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Index – Tech-Science – now official: Internet Explorer is over

2021.05.21. 06:04

For a long time now, Microsoft’s vegan and meme-based browser has been following Netscape in “the cemetery”: in 2022, Redmond will be retiring forever. It doesn’t go fast either.

Internet Explorer vegetation has continued specifically since Microsoft introduced the 2015 Edge alternative browser. (It’s actually been dying for a long time, because Firefox and Chrome haven’t had much laurels since they were.) Of course, since many of the memes are born out of slow explorer,

It comes out very slowly

But it’s still official now: Internet Explorer has reached the end of its life.

Internet Explorer 11 desktop will be retired and will not be supported on June 15, 2022 on certain editions of Windows 10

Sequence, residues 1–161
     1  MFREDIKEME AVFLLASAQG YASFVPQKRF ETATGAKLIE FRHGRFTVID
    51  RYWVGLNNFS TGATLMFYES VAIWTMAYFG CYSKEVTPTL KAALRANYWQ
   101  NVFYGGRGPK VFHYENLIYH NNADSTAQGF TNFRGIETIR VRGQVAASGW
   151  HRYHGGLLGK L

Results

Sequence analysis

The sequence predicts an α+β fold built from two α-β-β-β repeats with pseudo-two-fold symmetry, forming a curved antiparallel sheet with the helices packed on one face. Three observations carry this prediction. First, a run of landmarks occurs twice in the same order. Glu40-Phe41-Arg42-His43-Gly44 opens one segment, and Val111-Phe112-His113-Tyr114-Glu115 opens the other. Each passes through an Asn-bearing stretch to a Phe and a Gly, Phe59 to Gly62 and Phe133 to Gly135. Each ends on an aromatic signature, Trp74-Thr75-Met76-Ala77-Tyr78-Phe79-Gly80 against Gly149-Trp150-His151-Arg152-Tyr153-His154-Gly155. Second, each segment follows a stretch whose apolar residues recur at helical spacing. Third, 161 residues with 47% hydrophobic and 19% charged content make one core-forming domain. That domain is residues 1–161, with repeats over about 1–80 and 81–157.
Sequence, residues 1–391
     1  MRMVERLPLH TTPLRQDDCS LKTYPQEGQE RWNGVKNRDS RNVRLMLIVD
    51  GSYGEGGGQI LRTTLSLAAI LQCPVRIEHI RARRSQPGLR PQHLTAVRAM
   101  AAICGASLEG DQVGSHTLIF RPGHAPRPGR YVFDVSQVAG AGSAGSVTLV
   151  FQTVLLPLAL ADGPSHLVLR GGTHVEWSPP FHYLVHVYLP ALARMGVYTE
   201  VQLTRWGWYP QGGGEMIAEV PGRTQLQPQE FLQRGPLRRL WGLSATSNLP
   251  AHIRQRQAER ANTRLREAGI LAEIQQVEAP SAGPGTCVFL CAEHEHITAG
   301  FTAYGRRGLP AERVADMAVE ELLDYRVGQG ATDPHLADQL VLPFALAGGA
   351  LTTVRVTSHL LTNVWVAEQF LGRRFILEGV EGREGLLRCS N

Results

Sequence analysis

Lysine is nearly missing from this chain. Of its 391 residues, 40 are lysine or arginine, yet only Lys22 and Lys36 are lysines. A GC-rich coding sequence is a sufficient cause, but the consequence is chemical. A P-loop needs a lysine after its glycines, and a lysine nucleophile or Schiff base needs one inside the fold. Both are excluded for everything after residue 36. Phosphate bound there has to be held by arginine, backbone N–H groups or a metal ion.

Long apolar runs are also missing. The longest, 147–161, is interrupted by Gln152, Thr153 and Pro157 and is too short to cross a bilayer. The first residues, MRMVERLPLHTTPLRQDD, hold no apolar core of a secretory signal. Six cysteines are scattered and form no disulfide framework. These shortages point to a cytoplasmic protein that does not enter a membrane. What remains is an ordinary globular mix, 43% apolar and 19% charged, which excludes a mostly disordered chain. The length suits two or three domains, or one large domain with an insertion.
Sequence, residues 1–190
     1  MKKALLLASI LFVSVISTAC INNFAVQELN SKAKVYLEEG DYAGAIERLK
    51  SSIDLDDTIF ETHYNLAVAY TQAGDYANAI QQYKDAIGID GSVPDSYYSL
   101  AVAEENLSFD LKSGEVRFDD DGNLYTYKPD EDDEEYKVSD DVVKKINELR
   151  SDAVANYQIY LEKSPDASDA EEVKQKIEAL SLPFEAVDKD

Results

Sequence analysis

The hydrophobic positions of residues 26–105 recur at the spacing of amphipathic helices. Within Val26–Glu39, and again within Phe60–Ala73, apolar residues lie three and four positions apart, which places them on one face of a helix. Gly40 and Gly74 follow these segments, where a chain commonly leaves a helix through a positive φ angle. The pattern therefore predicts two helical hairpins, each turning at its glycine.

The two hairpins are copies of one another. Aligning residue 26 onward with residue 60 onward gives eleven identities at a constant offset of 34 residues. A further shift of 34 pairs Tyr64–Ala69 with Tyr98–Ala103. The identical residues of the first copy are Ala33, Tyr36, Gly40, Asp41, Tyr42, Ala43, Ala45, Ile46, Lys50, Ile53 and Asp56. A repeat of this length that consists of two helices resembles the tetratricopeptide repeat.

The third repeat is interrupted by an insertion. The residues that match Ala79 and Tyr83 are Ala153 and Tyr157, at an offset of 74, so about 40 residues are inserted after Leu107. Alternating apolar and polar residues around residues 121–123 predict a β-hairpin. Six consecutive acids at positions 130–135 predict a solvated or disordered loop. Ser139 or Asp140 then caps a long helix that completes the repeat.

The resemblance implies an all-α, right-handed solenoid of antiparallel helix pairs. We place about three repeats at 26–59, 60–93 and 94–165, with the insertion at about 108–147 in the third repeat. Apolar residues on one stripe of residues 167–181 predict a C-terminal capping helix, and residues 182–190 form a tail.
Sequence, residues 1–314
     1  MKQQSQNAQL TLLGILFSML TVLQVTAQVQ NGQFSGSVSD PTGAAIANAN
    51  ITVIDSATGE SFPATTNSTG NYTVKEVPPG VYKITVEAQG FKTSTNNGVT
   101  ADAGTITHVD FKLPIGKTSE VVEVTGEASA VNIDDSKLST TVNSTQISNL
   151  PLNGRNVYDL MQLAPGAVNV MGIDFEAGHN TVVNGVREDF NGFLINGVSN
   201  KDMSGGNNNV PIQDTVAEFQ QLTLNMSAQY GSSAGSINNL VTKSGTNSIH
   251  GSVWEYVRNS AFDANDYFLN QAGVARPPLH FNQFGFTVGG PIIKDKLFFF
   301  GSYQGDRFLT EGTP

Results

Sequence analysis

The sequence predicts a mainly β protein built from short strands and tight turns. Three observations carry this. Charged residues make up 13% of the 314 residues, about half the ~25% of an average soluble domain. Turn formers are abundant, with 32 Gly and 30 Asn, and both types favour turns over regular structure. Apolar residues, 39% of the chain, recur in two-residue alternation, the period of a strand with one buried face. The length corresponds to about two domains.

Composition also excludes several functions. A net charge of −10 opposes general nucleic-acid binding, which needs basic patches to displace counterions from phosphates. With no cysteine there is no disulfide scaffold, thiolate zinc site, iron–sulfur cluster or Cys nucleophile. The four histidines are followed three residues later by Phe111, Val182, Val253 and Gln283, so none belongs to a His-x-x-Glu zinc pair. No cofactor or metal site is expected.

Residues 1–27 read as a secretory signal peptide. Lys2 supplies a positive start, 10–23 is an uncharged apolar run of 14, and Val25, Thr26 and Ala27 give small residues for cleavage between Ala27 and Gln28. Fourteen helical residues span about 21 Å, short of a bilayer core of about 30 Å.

Microsoft announced on Wednesday a In a blog post.

Microsoft cites better Edge compatibility with modern websites and legacy IE features like ActiveX as the main reason for IE’s retirement, and Redmond has also cited better Edge security. Old versions of Internet Explorer were notorious for their security holes, and IE 11 still only receives security updates on a monthly basis, unlike the more popular security fixes for Edge and other modern browsers.

The removal process will begin this year: On August 17, 2021, Microsoft 365 and Other Apps will no longer support IE11. Until 2029, Edge will continue to support Legacy Internet Explorer-based sites and apps.

Where is the wheel?

So let’s suddenly (but only guilty) collapse one of Microsoft’s slowest and most vulnerable browsers of all time to come down to the grave next to Netscape.

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According to NetMarketshare data last fall, Internet Explorer is indeed

It accounts for only 5 percent of the total web traffic.

According to other statistics, this rate is less than 1%. This may also be the reason why Internet Explorer 11 was released in 2013 and has barely been updated since then.

Technically, 2022 doesn’t mean the end of IE for a select group of Windows users. Microsoft added that retirement does not apply to the long-term servicing branch of Windows 10 or the Windows Server edition.

(Microsoft Blog)